that nature.

    We do heartily ask forgiveness of you all, whom we have
    justly offended and do declare, according to our present minds, we would none
    of us do such things again on such grounds for the whole world, praying you to
    accept of this in way of satisfaction for our offense, and that you would bless
    the inheritance of the Lord that He may be entreated for the land.

    Foreman, Thomas Fisk Thomas Perly, Senior William Fiske
    John Peabody John Batcheler Thomas Perkins Thomas Fisk, Junior Samuel
    Sather John Dane Andrew Elliott Joseph Evelith Henry Herrick, Senior

    From “The Apology of the Salem Jury,” 1697. THE PENGUIN BOOK OF WITCHES Introduction and selection copyright © Katherine Howe, 2014.

    John Peabody was a juror for the trial of Rebecca Nurse. I am a descendant of John’s brother William.

  • WikiGuy68

    We all really need to stop pretending that we don’t know what got the Salem witchcraft stuff started, because we do know. It was ergot poisoning or ergotism, from moldy rye. The toxin is chemically very similar to LSD. Besides hallucinations, it can cause excruciating pain, and other symptoms that would have been terrifying to those afflicted and the community as well. A program about this has aired on PBS, via NOVA, I believe. Anything bringing up the Salem story needs to deal with or at least mention this important work. The link is pretty well established now. Sure there was a lot of lying after the whole thing got rolling, but it was moldy rye that got it started: http://www.pbs.org/wnet/secrets/witches-curse-clues-evidence/1501/

    • Max Larkin

      WikiGuy — I should add, ventriloquizing our guest Emerson Baker, that there are a few problems with the ergot theory, reeled off in his book, A Storm of Witchcraft. I quote:

      “Surviving accounts mention no vomiting or diarrhea, not to mention the gangrene or neurological damage that ergot poisoning inflicts upon the limbs. Nor do the symptoms of ergotism come and go, as apparently did the afflictions in 1692. Furthermore, prolonged exposure to ergot for the months of affliction witnessed at Salem would have led to permanent dementia and in extreme cases death. Most of the girls led fairly normal and obscure lives after their involvement… Most of them lived to a healthy old age.”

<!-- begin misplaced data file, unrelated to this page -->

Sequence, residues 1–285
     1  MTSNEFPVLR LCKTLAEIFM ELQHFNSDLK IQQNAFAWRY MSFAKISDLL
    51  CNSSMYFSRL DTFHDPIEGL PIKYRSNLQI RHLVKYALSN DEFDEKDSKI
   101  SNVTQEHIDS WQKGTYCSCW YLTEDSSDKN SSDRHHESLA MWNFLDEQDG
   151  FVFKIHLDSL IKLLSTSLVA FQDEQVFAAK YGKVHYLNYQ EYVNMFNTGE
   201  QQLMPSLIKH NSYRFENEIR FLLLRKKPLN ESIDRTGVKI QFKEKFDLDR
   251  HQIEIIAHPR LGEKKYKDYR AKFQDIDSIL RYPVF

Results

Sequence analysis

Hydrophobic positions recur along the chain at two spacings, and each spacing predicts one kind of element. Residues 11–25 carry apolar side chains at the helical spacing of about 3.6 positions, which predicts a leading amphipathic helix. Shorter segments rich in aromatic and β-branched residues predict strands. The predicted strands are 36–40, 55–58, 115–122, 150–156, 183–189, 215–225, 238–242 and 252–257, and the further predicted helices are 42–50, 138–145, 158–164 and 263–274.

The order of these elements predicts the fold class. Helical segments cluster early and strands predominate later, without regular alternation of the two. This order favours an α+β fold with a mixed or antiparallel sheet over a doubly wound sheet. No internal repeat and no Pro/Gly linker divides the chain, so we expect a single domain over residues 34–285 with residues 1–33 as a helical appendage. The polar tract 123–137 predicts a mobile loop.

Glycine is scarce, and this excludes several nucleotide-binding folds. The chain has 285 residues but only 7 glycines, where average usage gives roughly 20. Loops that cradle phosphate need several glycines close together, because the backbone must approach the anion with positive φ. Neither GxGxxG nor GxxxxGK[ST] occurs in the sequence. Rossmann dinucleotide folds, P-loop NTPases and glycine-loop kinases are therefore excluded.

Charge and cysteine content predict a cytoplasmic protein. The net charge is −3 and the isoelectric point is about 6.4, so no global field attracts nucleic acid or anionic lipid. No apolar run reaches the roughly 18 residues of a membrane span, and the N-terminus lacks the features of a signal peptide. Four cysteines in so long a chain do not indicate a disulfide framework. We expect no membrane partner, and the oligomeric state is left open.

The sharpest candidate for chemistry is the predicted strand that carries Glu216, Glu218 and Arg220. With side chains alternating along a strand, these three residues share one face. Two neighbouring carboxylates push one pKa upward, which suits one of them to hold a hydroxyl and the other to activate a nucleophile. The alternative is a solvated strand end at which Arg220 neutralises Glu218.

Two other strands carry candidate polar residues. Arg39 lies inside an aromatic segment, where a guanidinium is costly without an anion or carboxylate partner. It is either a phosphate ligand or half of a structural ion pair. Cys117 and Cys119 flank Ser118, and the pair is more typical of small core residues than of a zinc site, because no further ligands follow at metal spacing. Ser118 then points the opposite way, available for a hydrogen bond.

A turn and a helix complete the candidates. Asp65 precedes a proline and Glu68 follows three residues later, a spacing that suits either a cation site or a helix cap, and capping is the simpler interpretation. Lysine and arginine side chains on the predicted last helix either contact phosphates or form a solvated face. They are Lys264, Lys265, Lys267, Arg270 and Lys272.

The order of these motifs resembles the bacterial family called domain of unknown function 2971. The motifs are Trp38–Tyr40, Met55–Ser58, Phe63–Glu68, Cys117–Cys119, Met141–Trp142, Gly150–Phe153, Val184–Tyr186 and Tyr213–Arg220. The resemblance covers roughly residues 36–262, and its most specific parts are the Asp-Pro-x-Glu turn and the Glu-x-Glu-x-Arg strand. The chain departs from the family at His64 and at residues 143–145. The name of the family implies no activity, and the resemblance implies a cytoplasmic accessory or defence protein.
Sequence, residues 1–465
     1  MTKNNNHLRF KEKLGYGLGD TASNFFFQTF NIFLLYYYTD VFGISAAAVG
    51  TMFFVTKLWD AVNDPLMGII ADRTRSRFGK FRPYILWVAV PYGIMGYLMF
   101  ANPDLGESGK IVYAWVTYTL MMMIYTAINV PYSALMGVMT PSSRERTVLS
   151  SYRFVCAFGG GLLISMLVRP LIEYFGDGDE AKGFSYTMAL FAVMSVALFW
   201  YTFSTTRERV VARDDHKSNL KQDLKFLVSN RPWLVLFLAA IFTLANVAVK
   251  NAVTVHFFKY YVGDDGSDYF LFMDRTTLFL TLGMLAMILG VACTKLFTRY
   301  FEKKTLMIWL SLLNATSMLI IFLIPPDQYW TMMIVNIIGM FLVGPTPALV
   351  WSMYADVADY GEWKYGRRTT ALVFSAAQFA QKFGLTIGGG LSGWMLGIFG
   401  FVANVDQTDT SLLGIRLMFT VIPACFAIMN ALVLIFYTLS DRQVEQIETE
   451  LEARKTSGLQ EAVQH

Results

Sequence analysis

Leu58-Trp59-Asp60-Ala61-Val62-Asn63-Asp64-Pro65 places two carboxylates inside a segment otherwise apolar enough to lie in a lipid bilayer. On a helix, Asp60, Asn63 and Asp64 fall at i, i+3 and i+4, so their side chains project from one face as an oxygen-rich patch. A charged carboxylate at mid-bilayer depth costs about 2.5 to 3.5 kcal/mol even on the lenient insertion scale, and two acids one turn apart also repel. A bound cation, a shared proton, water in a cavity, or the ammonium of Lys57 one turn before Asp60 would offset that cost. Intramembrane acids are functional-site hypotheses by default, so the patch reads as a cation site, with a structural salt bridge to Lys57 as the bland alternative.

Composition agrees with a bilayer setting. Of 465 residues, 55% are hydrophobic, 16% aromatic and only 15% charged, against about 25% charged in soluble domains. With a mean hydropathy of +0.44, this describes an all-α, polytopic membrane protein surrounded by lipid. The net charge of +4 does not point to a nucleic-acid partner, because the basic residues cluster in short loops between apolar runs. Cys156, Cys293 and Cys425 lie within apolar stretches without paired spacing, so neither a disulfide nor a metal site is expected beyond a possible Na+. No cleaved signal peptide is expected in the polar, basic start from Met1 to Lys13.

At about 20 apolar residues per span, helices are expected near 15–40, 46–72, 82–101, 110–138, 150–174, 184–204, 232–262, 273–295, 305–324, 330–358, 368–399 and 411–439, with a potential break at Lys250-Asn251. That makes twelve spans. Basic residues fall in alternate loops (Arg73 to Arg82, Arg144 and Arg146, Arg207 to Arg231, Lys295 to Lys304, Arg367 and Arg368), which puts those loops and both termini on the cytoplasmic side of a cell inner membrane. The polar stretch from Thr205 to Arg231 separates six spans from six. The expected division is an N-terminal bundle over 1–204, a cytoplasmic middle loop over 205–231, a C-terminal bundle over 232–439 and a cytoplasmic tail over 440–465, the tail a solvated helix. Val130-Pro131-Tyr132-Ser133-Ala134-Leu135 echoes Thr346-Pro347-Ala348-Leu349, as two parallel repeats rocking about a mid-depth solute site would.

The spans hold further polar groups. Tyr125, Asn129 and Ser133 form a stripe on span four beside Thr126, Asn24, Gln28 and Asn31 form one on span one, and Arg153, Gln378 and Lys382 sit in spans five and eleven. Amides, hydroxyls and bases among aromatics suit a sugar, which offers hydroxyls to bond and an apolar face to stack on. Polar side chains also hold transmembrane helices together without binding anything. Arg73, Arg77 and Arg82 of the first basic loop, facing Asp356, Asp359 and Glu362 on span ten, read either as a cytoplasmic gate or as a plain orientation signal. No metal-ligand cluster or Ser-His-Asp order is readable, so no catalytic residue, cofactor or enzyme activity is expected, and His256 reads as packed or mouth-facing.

And then there’s the question why people in the same house ate the same bread but didn’t show the same symptoms! And then there’s the idea that the hallucinations spread across an area much wider than would have been served by a single diseased stash of rye! I found it persuasive, but I’d love to hear the latest!

      • Sure, but the environmental toxin, which could have been
        anything (horse nettle, carbon monoxide), was the key to unlock the hysteria.
        The broader community need only be affected by the hysteria, not the toxin.

  • Potter

    Unexpectedly interesting conversation. Good point that the world was a much darker place then, the light pollution that we have now, none existent.

    Maybe above all, this is about the same human nature, vulnerabilities, that exist today as your guests rightly point out: power, religious fervor, fear of the unknown and then the attraction of superstition and rumor and the power of pack behavior. We do have this now of course in different forms.

    Let’s not forget the wonderful Peabody Essex Museum in Salem today. And of course, you whet my appetite to read Hawthorne after so many years.

    Thank you……great guests as usual.

  • Kabe500

    It’s just sad. The sunsets that the dying know will be missed! in the dawn of such an era, with time for contemplation, and continuing place, that no one appreciates in holding the other. We’re all so dangerous to one another.

    God will remember all of them, I hope, unless… there was a real darkness, somewhere… behind it.

    I know those exist, I just deal with combatting another kind of something, everywhere now, that is rooted in interests of conflict and denying it, because it’s really true! that the Catholic Church deals in firmly denying gay people. Look at how without turning people off in its public change, the divide between a new spiritual access and appearing peacefully pure of conflict leads to a false calm. All our persecutors, and I’ve been persecuted and denied for a long time, are always snitching and twitching about something. Yes, I would leverage authority against the old, just like the Soviet Union did.